Production and characterization of acellular human liver matrix: potential auxiliary liver graft

Journal of Tissue Science and Engineering

ISSN: 2157-7552

Open Access

Production and characterization of acellular human liver matrix: potential auxiliary liver graft

13th International Conference on Tissue Engineering & Regenerative Medicine

July 12-13, 2018 Paris, France

Hakeem A, Wilshaw S P, Ingham E and Prasad K R

University of Leeds, UK

Posters & Accepted Abstracts: J Tissue Sci Eng

Abstract :

Shortage of donor organs combined with ever increasing liver disease has directed attention towards growing implantable liver tissue in the laboratory setting. Recent developments in decellularisation and recellularisation techniques have opened exciting facets for liver whole organ reengineering. The aim of this study was, to develop a decellularisation protocol for human liver, assess the structural and biochemical integrity and assess the biocompatibility of the acellular matrix. Discarded human livers were split and the left lateral lobes with a mean weight of 399±162 g were used. Perfusion decellularisation was carried out through the hepatic artery and portal vein. Hypotonic buffer, 0.1% (w/v) sodium dodecyl sulphate, hypertonic buffer and nuclease solutions were used to remove cells plus nuclear material from the liver tissue. Following, several iterations of a previously patented Leeds University decellularisation protocol, greater than 91.0% DNA was removed from all areas of liver tissue. Histological analysis demonstrated lack of cells and maintenance of the portal triad histioarchitecture. Immunohistochemistry demonstrated positive staining for key extracellular proteins such as, collagen type I and III, fibronectin and laminin. Scanning electron microscopy showed an intact extracellular matrix. Biochemical assessment confirmed significant reduction in glycosaminoglycan content, but there was increase in collagen content, the latter likely due to extraction by dry weight of other soluble components in the matrix. The acellular tissues and extracts were not cytotoxic to either murine 3T3 or baby hamster kidney cells. Preliminary recellularisation work showed that the matrix is biocompatible to primary cryopreserved human hepatocytes seeded at 30,000 cells per m2 density. The study has developed a suitable protocol for decellularisation of the left lateral lobe of human liver, without adversely affecting the extracellular matrix structure. The biocompatible acellular scaffold has the potential to be recellularised with hepatocytes, with a view to engineering a transplantable auxiliary liver graft.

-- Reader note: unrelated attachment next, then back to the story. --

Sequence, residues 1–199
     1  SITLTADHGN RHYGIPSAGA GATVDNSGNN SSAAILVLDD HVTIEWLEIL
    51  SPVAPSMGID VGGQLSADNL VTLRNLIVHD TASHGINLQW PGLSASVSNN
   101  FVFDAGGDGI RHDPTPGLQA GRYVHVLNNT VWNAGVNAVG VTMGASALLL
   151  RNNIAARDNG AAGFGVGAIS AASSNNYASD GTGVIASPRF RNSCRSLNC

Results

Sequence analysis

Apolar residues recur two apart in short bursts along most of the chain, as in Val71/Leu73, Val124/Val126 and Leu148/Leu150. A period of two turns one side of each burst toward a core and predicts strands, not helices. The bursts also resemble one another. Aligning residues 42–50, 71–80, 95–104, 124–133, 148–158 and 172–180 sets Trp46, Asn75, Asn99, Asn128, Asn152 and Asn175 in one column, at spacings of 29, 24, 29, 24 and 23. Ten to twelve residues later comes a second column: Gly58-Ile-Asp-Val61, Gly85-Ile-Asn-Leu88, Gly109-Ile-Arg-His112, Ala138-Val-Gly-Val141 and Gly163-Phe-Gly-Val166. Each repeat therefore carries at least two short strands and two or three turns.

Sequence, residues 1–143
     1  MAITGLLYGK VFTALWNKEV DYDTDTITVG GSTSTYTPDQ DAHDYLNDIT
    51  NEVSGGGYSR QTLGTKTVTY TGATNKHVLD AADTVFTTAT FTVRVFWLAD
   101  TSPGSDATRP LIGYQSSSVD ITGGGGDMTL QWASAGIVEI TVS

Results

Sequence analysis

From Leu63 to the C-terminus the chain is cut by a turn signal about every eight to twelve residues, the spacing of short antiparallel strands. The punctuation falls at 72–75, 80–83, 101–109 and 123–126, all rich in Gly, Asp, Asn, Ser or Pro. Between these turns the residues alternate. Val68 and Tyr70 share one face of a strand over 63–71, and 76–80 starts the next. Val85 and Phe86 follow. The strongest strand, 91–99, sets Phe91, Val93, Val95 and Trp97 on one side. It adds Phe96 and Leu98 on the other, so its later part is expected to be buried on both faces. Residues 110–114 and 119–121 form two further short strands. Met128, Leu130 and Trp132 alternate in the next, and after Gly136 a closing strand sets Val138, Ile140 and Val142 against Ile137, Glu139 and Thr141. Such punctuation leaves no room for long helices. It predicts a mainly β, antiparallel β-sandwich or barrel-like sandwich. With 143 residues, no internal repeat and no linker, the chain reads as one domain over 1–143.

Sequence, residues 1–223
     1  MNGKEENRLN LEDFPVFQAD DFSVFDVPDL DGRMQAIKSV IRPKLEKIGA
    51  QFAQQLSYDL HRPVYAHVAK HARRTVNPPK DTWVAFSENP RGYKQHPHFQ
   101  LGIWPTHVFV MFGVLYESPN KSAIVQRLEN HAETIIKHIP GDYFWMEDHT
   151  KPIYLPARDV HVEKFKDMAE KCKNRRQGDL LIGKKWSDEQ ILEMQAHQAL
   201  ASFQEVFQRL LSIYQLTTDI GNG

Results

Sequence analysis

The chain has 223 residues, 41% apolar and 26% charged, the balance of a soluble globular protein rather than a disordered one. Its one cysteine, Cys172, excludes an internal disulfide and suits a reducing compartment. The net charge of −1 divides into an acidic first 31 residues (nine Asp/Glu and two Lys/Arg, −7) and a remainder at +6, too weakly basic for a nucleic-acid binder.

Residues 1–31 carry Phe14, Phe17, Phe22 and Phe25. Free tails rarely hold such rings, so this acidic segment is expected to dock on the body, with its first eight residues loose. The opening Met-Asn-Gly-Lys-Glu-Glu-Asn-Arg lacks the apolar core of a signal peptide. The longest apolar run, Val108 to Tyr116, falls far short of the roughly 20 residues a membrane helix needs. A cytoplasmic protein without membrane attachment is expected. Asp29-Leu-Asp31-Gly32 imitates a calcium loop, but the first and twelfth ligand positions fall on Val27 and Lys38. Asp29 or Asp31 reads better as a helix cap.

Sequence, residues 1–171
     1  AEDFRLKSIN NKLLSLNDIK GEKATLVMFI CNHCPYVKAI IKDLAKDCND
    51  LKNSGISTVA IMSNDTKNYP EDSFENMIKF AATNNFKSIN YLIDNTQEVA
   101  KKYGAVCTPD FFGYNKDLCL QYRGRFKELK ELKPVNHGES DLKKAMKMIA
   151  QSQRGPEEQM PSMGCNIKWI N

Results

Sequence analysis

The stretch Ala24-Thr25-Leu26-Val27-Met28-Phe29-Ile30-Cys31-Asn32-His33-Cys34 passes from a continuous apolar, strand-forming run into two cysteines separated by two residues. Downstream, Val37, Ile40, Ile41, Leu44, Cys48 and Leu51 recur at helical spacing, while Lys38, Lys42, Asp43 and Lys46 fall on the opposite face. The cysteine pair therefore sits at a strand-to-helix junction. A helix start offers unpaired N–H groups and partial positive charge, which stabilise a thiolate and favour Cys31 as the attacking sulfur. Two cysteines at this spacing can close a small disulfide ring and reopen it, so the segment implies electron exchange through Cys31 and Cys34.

Biography :


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